Sophisticated hackers broke into security company RSA's servers and stole data related to SecurID authentication tokens, the firm's head announced late Thursday.
The tokens are used by an estimated 40 million employees of large corporations and organizations. They generate a seemingly random six-digit number every 30 or 60 seconds, which the employees type in to log into virtual private networks or other sensitive systems.
The RSA cryptography algorithm, which uses a 128-bit "seed" unique to each token to generate the numbers, is virtually impossible to crack. An estimated 250 million smartphones use similar RSA software to verify identity.
"Recently, our security systems identified an extremely sophisticated cyber attack in progress being mounted against RSA," RSA executive chairman Art Coviello, Jr. wrote in an "Open Letter to RSA Customers" that was posted on his company's site Thursday evening.
"Our investigation has led us to believe that the attack is in the category of an Advanced Persistent Threat (APT)," the letter continues. "Our investigation also revealed that the attack resulted in certain information being extracted from RSA's systems. Some of that information is specifically related to RSA's SecurID two-factor authentication products."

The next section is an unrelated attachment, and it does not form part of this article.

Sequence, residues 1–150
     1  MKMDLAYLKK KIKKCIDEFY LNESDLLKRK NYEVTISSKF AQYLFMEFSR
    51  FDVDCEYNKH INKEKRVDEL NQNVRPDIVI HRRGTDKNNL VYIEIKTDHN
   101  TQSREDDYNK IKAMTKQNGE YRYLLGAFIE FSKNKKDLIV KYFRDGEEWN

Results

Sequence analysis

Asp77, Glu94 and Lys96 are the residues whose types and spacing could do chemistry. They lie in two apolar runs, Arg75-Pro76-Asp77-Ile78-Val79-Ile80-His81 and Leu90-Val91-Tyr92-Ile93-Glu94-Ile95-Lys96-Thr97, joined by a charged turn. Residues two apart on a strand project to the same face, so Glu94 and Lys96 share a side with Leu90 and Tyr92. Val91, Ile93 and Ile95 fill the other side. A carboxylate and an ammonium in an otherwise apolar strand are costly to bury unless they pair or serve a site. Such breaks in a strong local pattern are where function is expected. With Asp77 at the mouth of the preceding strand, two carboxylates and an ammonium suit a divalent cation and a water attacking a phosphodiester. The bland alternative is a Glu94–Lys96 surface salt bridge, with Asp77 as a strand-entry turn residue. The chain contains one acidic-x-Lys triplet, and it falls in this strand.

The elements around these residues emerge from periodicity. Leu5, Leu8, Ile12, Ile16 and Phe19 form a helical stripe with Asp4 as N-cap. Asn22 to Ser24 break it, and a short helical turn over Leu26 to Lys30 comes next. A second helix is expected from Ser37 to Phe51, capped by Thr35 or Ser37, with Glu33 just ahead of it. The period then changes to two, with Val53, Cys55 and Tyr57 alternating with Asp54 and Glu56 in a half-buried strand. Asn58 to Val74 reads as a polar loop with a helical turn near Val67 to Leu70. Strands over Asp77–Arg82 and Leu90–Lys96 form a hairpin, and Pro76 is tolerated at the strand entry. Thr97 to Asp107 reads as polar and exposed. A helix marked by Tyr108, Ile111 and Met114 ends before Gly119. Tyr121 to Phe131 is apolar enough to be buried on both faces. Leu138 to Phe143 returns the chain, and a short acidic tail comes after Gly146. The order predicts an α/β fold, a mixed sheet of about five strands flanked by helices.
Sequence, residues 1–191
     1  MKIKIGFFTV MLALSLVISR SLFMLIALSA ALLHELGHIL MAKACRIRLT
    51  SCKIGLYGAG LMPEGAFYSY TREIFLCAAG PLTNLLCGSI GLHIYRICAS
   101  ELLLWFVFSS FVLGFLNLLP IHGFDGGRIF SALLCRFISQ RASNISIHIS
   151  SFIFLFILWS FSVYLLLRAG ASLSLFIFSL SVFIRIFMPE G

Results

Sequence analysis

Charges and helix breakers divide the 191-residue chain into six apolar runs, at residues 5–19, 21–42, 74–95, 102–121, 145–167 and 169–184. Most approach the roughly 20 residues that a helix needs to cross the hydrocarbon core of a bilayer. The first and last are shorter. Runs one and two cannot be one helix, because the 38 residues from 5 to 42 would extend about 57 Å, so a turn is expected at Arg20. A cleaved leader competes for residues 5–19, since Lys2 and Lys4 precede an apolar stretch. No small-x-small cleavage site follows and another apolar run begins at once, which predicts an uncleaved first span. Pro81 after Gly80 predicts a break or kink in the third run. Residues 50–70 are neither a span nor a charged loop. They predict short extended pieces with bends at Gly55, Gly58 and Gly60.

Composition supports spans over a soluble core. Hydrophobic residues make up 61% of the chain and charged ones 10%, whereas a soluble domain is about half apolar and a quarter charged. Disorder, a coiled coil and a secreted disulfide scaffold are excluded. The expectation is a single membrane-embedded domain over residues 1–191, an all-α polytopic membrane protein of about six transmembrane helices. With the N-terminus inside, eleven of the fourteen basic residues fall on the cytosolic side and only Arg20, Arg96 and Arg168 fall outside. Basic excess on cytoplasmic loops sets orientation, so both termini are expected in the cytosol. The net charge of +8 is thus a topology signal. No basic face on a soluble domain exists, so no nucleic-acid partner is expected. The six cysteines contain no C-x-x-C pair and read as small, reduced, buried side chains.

An "online note" filed with the Securities and Exchange Commission stated that the stolen data "could potentially be used to reduce the effectiveness of a current two-factor authentication implementation as part of a broader attack."
"RSA urges immediate action," the note added, suggesting mostly common-sense steps that essentially mean, "Be wary."
Both public statements were vague about what kind of data was stolen. But if the intruders got a list of the "seeds" used in the algorithm, it could compromise the security of millions of tokens and smartphones.
Coviello's reference to an "advanced persistent threat" is telling. The term is often a euphemism for "extremely skilled hackers supported by the Chinese government" who in the past few years have penetrated the networks of hundreds of U.S. corporations and governmental organizations.
Similar intrusions were part of "Operation Aurora," which hit Google, Yahoo, Morgan Stanley, Disney, General Electric and about 200 still-unnamed firms, and of "Night Dragon," which affected the Western energy giants ExxonMobil, Royal Dutch Shell, BP, Marathon Oil and ConocoPhillips.
The Chinese government has denied any connection to the incidents.
RSA, based in Bedford, Mass., was founded in 1982 by Ron Rivest, Adi Shamir, and Len Adleman, the three MIT-affiliated computer scientists who developed the algorithm. After a series of mergers and acquisitions, it was bought by EMC, another Boston-area computing firm, in 2006.
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